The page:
The Barbados Workers’ Union (BWU) will take to the streets of Bridgetown to demand that Government honour its four-year-old promise to protect the rights of domestic workers.
General secretary Toni Moore told Barbados TODAY that members would be marching to support that category of female workers, ahead of International Women’s Day which will be celebrated worldwide on Sunday, March 8.
She said that while Barbados was among the first countries signing on to the International Labour Organization convention on decent work for domestic workers, no action had been taken to protect those women.
Moore said the union was disappointed that Government was so hesitant to make good on its promise.
Noting that the theme for Sunday is Empowering Women, Empowering Humanity, Picture it, Moore said: “The whole focus of domestic work fits squarely into that because if you have a situation in which so many domestic workers across Barbados still don’t have access to having their rights adhered to, that they still don’t have the protection other workers would have, then they are not empowered, they are marginalized.”
“One of the things that the Barbados Workers’ Union will be doing tomorrow as we march through the streets of The City is to bring attention to the issues of domestic workers and the fact that we need to have ratification of the convention as was committed some four years ago,” the general secretary added.
The union held a similar march three years ago when Sir Roy Trotman was at the helm of the union.
Moore, the first female BWU boss, said the union had presented a resolution to Minister of Labour Dr Esther Byer, calling for her ministry to “make haste and follow through on its commitment to have Barbados be among the first countries ratifying what was a ground-breaking convention, and to have in place a piece of legislation that would offer protection for so many domestic workers across the island”.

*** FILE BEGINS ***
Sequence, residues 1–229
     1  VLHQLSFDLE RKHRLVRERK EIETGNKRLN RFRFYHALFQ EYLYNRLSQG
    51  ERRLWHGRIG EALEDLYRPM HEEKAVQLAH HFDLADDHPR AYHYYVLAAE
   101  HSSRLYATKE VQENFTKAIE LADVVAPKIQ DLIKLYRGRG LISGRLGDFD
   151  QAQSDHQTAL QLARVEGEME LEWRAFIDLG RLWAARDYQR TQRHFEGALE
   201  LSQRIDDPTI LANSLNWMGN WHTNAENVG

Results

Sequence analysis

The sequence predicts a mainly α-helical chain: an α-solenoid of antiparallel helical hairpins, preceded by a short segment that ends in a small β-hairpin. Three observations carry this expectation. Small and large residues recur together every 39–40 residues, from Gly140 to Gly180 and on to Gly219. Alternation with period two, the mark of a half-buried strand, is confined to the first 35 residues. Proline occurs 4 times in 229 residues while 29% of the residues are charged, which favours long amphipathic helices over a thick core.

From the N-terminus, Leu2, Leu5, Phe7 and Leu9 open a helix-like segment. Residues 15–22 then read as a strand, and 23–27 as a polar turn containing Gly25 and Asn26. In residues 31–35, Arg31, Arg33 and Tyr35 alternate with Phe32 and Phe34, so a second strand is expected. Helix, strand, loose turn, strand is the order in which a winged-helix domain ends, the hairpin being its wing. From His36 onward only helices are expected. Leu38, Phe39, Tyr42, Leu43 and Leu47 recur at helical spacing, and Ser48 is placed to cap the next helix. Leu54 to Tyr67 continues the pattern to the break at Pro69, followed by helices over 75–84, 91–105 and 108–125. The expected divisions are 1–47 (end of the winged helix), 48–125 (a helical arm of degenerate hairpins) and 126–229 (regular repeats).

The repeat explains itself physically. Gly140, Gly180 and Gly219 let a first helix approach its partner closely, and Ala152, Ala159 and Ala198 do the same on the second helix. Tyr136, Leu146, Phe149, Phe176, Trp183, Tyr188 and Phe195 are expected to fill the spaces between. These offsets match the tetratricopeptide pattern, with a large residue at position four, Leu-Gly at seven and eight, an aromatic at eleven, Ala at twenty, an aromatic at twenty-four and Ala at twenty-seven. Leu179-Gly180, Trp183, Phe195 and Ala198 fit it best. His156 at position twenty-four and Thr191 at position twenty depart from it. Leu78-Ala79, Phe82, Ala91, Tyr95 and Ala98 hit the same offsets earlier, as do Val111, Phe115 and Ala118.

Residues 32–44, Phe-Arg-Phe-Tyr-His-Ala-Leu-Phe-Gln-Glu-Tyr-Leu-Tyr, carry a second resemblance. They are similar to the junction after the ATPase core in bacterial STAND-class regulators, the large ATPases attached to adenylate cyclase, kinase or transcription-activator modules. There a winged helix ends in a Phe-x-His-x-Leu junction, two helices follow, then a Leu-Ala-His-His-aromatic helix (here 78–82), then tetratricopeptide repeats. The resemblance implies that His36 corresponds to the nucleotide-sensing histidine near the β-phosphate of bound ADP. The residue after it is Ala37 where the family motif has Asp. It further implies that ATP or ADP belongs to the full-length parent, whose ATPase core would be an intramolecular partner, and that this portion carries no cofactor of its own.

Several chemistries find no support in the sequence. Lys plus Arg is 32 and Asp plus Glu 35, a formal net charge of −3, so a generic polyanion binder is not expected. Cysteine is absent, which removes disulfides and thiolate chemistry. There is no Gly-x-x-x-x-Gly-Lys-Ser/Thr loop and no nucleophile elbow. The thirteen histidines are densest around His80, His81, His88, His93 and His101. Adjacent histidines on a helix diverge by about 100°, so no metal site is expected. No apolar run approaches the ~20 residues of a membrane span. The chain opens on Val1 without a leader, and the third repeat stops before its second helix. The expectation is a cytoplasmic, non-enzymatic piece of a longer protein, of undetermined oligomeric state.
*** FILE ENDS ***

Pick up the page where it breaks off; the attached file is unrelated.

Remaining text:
She said there would be other matters on the agenda for tomorrow’s march but insisted that it was important that the powers that be, and Barbadians in general, be reminded that domestic workers still have little to no rights.
“What we will be doing as part of our focus – not the entire focus – would be again calling attention to what we previously demanded, asking for recognition to be given to the [ILO] commitment,” she said.
The 2011 convention, which describes a domestic worker as any person engaged in domestic work within an employment relationship, calls on countries to implement measures to ensure the effective promotion and protection of the human rights of all domestic workers.
Barbados is required to respect, promote and realize freedom of association and the effective recognition of the right to collective bargaining; the elimination of all forms of forced or compulsory labour; the effective abolition of child labour; and the elimination of discrimination in respect of employment and occupation.